A SharePoint Portal Server Webpart that can publish content depending on a user's authentication.
This tool was developed by Formation Technology, <city w:st="on" />Melbourne</city /> <country-region w:st="on" /><place w:st="on" />Australia</place /></country-region />.</strong />
A customer was running a single portal accessible via 2 URL's: one being authenticated, the other being unauthenticated. They needed a simple way to move users into an authenticated state without change the URL.
They requested a "sign-in" button for the unauthenticated user. Once authenticated, the content would then change to a personalised welcome message.
The WebPart is written for SharePoint Portal Server 2003 SP2. The WebPart requires access to the SharePoint API and so must run as a trusted assembly. It therefore is installed into the GAC to avoid security issues.
The WebPart is installed using stsadm.exe as part of the SharePoint package. Typically found in: \Program Files\Common Files\Microsoft Shared\web server extensions\60\BIN
It is important to note that you cannot write WebParts using Visual Studio 2005 as SharePoint Portal Server has very limited compatibility with the .NET Framework 2.0.
The WebPart was written as a class library using the SharePoint SDK extension for Visual Studio 2003. The extension is a new project type for creating a WebPart library. The library will include a sample WebPart cs file, a dwp file and a manifest file. Found here:
You can download the SharePoint 2003 SDK here:
General information about the structure of a WebPart can be found here:
Only two properties are included on the WebPart. One is for entering the HTML to display when the user is authenticated and the other is for entering the HTML to display when the user is unauthenticated. There is no provision for sharing or reusing HTML between the two properties. You will just need to duplicate any common HTML.
Description("Insert HTML you wish to appear when the user is in
an authenticated state.")]
public string AuthenticatedHtml
authenticatedHtml = value;
Description("Insert html you wish to appear when the user is in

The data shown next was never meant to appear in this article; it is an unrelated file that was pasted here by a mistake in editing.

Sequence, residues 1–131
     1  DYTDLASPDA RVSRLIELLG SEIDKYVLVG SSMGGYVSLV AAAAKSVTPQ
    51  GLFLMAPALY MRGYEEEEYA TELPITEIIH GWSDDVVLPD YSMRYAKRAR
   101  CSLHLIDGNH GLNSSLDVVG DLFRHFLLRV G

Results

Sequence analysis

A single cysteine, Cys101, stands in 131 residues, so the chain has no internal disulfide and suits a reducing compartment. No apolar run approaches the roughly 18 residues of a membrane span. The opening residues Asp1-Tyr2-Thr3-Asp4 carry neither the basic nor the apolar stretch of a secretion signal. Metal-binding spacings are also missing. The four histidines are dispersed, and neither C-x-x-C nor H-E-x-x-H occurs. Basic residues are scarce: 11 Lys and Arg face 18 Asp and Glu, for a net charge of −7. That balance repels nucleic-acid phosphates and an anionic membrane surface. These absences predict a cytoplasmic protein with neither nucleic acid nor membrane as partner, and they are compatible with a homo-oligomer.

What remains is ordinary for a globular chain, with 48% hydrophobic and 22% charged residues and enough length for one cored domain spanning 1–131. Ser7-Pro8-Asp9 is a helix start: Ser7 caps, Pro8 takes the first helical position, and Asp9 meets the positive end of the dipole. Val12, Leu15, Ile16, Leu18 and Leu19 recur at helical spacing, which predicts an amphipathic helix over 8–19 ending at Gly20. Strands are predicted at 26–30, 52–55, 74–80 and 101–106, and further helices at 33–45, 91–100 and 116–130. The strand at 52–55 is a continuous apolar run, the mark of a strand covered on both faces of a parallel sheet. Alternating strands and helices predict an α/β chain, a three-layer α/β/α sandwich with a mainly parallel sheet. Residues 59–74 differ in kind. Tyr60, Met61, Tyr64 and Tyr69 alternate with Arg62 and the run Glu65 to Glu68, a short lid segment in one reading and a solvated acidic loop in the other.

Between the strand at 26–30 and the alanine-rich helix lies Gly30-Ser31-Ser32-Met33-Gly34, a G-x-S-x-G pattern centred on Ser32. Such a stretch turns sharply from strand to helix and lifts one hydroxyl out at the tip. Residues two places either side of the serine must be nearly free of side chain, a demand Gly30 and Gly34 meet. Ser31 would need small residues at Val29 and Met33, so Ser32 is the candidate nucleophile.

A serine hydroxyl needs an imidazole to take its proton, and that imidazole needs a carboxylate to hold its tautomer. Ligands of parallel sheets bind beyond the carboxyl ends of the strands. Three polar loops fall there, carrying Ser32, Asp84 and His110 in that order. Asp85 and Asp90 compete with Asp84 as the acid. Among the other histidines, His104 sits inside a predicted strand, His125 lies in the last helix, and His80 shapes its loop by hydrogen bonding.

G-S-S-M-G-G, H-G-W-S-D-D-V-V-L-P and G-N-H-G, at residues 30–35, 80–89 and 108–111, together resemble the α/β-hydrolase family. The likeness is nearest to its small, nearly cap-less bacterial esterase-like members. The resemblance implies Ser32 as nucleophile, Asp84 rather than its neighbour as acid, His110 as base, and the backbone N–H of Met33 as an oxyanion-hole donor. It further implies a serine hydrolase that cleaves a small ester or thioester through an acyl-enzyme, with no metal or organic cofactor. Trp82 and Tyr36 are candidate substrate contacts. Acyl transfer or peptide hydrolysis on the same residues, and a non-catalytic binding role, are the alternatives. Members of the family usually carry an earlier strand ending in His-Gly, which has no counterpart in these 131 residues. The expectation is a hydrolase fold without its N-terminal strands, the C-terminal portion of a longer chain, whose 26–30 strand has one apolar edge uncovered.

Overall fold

an unauthenticated state.")]
public string UnAuthenticatedHtml
unAuthenticatedHtml = value;
These two properties simply store the entered HTML as a string. Using the SharePoint properties attributes you can control how the property is presented to the administrator when adding the WebPart to the SharePoint page.
The value for the
Category attribute can be anything, and does not need to be created elsewhere.
FriendlyName is the name of the property as it appears in the SharePoint administration UI.
There are three placeholders you can use to add dynamic values into the authenticated HTML content. These placeholders will not work for the unauthenticated HTML (by design, not limitation).
The placeholders are:
%N: Replaced with the currently authenticated user's display name (i.e. Their full name)
%L: Replaced with the currently authenticated user's login name (i.e. ACME\Sam)
%E: Replaced with the currently authenticated user's email address.
Note that with data such as the display name or email address it must have first been entered into SharePoint or imported from the Active Directory.
To render the WebPart output a check is first made to determine if the current user is authenticated.
If the user is not authenticated then the unauthenticated HTML content is directly outputted. If the user is authenticated, then a call is made to the SharePoint API to retrieve the instance of the current user, represented in the object
SPUser provides the
Email properties that we require to replace the placeholders with the correct values. If the value is not in the
SPUser then the placeholder will be removed. In its place, nothing will be inserted.
protected override void RenderWebPart(HtmlTextWriter output)
SPUser myUser = SPControl.GetContextWeb(Context).CurrentUser;
authenticatedHtml = authenticatedHtml.Replace("%N", myUser.Name);
authenticatedHtml = authenticatedHtml.Replace("%L", myUser.LoginName);
authenticatedHtml = authenticatedHtml.Replace("%E", myUser.Email);
While there a few (manual) ways to install a webpart, the easiest is to package the part in a CAB file and use stsadm.exe to install the part. To do this create a CAB package setup project and insert the Content Files output and Primary output for your WebPart class library. This ensures your DLL, DWP and XML manifest are included in the CAB file.
Verify that the "Build Action" for the DWP file and XML manifest file are set to "Content". Do this by selecting the file in the Solution Explorer and viewing its properties in the properties window.
Build the CAB project and copy the outputted CAB file to your SharePoint server. The path to stsadm.exe is shown in the Environment section of this document. Run:
stsadm.exe –filename mycabfile.cab –globalinstall –force
–globalinstall tells stsadm to insert your WebPart into the GAC and add it to the WebPart library on all instances of SharePoint on the current server. The argument
–force tells stsadm to replace any already installed instances of the WebPart with the one presently in the CAB file. If there are no previous instances, this argument has no effect.
Be sure to send us an email with your feedback.